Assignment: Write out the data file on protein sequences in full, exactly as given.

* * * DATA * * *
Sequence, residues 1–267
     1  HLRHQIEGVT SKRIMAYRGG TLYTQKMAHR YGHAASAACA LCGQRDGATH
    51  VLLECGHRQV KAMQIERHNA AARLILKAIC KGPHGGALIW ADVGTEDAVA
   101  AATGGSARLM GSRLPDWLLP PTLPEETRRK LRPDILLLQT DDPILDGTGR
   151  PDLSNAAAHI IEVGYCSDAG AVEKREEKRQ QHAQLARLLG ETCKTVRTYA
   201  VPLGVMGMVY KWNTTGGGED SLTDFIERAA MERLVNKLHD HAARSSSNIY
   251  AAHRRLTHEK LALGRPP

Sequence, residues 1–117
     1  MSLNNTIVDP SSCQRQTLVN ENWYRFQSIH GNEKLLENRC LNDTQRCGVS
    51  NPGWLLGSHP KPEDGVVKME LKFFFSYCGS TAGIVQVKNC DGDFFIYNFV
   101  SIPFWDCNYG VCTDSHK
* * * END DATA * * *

Sequence, residues 1–267
     1  HLRHQIEGVT SKRIMAYRGG TLYTQKMAHR YGHAASAACA LCGQRDGATH
    51  VLLECGHRQV KAMQIERHNA AARLILKAIC KGPHGGALIW ADVGTEDAVA
   101  AATGGSARLM GSRLPDWLLP PTLPEETRRK LRPDILLLQT DDPILDGTGR
   151  PDLSNAAAHI IEVGYCSDAG AVEKREEKRQ QHAQLARLLG ETCKTVRTYA
   201  VPLGVMGMVY KWNTTGGGED SLTDFIERAA MERLVNKLHD HAARSSSNIY
   251  AAHRRLTHEK LALGRPP

Sequence, residues 1–117
     1  MSLNNTIVDP SSCQRQTLVN ENWYRFQSIH GNEKLLENRC LNDTQRCGVS
    51  NPGWLLGSHP KPEDGVVKME LKFFFSYCGS TAGIVQVKNC DGDFFIYNFV
   101  SIPFWDCNYG VCTDSHK